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Wednesday, July 25, 2007

Pastoral problem: Minister dies after wedding rehearsal.

An obituary in yesterday's Boston Globe reported that retired UU minister Richard Kimball, 72, died in his sleep while away from home to officiate at a wedding:

Rev. Kimball was in Westerly, R.I., last month to perform a wedding when he died unexpectedly on June 23, hours before the ceremony. He had attended the rehearsal the night before and retired to a bed-and-breakfast. When he did not arrive to perform the ceremony at 2 p.m. the next day, it was discovered that he had died during the night. The wedding was performed by another minister who had been at the rehearsal and had listened to Rev. Kimball interact with the couple.

I'm pondering how that other minister stepped into Kimball's shoes. What an unusual pastoral emergency!

("Richard Kimball, 72, his ministry not limited by church walls," Gloria Negri, Boston Globe 7.24.07)

Copyright © 2007 by Philocrites | Posted 25 July 2007 at 8:29 AM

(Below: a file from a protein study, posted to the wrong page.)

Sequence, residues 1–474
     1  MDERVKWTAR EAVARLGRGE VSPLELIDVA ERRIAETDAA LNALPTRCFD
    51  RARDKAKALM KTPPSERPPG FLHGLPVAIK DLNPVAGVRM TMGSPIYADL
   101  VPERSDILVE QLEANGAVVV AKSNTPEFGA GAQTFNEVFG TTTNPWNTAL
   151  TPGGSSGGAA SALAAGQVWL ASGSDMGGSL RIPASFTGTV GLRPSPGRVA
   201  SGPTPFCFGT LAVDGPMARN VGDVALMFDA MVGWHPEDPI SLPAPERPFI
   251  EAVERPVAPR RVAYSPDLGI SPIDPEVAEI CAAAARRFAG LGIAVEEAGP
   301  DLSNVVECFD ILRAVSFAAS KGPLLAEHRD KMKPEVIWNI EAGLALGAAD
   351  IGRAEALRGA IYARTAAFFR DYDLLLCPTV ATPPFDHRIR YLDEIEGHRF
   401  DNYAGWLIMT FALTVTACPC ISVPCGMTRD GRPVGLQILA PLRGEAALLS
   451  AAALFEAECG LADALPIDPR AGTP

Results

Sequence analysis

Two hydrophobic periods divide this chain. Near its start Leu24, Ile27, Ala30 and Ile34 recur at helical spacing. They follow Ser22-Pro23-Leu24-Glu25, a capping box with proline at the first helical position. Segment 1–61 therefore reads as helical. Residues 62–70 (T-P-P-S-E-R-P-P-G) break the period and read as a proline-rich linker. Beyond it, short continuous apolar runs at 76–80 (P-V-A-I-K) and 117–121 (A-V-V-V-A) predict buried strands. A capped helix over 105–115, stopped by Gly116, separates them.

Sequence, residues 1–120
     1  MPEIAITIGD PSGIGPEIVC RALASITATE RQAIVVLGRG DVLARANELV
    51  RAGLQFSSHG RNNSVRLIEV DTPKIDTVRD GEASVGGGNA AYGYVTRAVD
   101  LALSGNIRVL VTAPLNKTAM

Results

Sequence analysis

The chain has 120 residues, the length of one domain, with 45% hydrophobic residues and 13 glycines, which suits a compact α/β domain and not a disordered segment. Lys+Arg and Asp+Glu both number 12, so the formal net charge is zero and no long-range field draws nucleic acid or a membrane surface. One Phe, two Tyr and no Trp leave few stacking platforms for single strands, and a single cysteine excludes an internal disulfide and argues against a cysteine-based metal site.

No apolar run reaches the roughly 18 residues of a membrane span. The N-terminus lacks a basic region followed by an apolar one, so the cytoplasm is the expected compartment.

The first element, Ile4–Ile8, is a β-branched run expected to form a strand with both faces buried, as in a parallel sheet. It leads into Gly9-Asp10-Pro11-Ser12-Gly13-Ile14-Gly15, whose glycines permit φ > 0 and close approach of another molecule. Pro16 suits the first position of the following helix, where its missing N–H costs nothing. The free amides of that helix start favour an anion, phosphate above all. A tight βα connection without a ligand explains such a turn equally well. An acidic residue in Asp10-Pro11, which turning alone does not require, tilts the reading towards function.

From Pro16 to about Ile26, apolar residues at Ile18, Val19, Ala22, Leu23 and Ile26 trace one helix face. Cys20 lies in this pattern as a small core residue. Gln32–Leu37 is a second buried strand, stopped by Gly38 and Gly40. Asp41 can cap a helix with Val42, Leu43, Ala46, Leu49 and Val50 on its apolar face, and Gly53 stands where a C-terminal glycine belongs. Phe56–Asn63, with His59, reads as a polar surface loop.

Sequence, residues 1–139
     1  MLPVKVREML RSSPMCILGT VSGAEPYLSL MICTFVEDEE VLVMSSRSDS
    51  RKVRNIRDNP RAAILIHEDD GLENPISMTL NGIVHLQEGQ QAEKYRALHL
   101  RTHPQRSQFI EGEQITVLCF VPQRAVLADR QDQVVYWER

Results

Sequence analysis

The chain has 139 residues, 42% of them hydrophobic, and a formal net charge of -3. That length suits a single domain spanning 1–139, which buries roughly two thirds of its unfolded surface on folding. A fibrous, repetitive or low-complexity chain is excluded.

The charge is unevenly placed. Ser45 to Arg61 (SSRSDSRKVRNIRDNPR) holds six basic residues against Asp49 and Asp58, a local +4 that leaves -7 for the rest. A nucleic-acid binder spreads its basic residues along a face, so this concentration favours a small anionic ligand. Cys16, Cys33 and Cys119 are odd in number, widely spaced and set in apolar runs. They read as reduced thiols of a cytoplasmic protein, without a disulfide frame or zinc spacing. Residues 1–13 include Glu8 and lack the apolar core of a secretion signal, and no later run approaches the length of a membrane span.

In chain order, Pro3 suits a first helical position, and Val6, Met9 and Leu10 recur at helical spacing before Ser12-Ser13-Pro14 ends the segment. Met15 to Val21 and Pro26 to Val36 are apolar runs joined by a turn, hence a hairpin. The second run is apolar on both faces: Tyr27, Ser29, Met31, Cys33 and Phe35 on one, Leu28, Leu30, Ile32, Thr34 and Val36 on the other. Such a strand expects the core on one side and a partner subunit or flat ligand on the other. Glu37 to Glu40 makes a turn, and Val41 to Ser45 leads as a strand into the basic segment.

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July 25, 2007 09:59 AM | Permalink for this comment

How awful. I might have postponed the wedding out of respect, but our minister was a good friend.

Still, wow.



July 25, 2007 11:37 AM | Permalink for this comment

Yikes, what a nightmare! The poor wedding couple and their guests and families------I hope that stand-in minister was able to give them some support and comfort. The guy was a Unitarian Universalist too;his death is a loss to our movement, as well as to the immediate situation.


July 26, 2007 01:47 AM | Permalink for this comment

Oh my goodness. So poignant.


August 3, 2007 09:54 AM | Permalink for this comment

How unusual for another cleric to be present at a wedding rehearsal, just to admire the officiant's way of working. Truly, this was in fact God's way of working -- or, as my Seventh Principle buddies call it, "sacred synergy." I cannot imagine what it would have been like in ordinary circumstances -- calling the spouse, telling h/h that s/he is now single -- and "by the way, could you get another minister down here within the hour...?"

No way to plan for this -- it's just too rare. In fact, a case for divine intervention, from start to finish.

This, however, does not take away from the key point that Dick Kimball will be missed in person and admired in memory.


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